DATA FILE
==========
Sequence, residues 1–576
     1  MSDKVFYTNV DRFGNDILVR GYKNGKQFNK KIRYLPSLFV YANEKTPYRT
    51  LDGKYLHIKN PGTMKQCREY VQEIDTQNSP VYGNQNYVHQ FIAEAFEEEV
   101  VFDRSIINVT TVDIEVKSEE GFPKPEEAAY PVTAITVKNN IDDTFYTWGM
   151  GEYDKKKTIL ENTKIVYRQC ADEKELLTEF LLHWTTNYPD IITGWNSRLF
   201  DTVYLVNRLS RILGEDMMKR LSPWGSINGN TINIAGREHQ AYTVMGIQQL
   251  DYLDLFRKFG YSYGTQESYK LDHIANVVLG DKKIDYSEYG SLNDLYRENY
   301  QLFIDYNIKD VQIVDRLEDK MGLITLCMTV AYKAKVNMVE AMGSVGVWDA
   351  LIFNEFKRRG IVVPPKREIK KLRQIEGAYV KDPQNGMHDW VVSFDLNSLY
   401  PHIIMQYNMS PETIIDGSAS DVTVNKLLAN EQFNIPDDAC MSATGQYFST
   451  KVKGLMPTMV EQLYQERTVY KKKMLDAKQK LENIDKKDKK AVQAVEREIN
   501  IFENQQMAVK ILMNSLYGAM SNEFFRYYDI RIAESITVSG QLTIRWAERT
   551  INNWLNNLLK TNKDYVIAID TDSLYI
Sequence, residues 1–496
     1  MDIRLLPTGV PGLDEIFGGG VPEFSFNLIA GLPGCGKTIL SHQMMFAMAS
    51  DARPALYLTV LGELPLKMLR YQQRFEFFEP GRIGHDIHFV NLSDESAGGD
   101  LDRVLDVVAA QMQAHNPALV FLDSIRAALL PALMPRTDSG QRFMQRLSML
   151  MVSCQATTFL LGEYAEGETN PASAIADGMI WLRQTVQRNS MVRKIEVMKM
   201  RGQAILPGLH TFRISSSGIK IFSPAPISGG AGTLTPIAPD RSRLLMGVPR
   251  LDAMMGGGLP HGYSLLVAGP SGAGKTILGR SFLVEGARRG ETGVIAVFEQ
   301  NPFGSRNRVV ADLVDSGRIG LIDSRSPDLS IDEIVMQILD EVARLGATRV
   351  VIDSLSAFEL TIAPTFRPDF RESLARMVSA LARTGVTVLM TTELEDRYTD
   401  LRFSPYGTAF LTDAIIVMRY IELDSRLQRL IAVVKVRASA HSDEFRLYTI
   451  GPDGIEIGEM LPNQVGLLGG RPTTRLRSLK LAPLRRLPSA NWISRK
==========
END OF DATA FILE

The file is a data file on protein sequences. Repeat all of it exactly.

Sequence, residues 1–576
     1  MSDKVFYTNV DRFGNDILVR GYKNGKQFNK KIRYLPSLFV YANEKTPYRT
    51  LDGKYLHIKN PGTMKQCREY VQEIDTQNSP VYGNQNYVHQ FIAEAFEEEV
   101  VFDRSIINVT TVDIEVKSEE GFPKPEEAAY PVTAITVKNN IDDTFYTWGM
   151  GEYDKKKTIL ENTKIVYRQC ADEKELLTEF LLHWTTNYPD IITGWNSRLF
   201  DTVYLVNRLS RILGEDMMKR LSPWGSINGN TINIAGREHQ AYTVMGIQQL
   251  DYLDLFRKFG YSYGTQESYK LDHIANVVLG DKKIDYSEYG SLNDLYRENY
   301  QLFIDYNIKD VQIVDRLEDK MGLITLCMTV AYKAKVNMVE AMGSVGVWDA
   351  LIFNEFKRRG IVVPPKREIK KLRQIEGAYV KDPQNGMHDW VVSFDLNSLY
   401  PHIIMQYNMS PETIIDGSAS DVTVNKLLAN EQFNIPDDAC MSATGQYFST
   451  KVKGLMPTMV EQLYQERTVY KKKMLDAKQK LENIDKKDKK AVQAVEREIN
   501  IFENQQMAVK ILMNSLYGAM SNEFFRYYDI RIAESITVSG QLTIRWAERT
   551  INNWLNNLLK TNKDYVIAID TDSLYI
Sequence, residues 1–496
     1  MDIRLLPTGV PGLDEIFGGG VPEFSFNLIA GLPGCGKTIL SHQMMFAMAS
    51  DARPALYLTV LGELPLKMLR YQQRFEFFEP GRIGHDIHFV NLSDESAGGD
   101  LDRVLDVVAA QMQAHNPALV FLDSIRAALL PALMPRTDSG QRFMQRLSML
   151  MVSCQATTFL LGEYAEGETN PASAIADGMI WLRQTVQRNS MVRKIEVMKM
   201  RGQAILPGLH TFRISSSGIK IFSPAPISGG AGTLTPIAPD RSRLLMGVPR
   251  LDAMMGGGLP HGYSLLVAGP SGAGKTILGR SFLVEGARRG ETGVIAVFEQ
   301  NPFGSRNRVV ADLVDSGRIG LIDSRSPDLS IDEIVMQILD EVARLGATRV
   351  VIDSLSAFEL TIAPTFRPDF RESLARMVSA LARTGVTVLM TTELEDRYTD
   401  LRFSPYGTAF LTDAIIVMRY IELDSRLQRL IAVVKVRASA HSDEFRLYTI
   451  GPDGIEIGEM LPNQVGLLGG RPTTRLRSLK LAPLRRLPSA NWISRK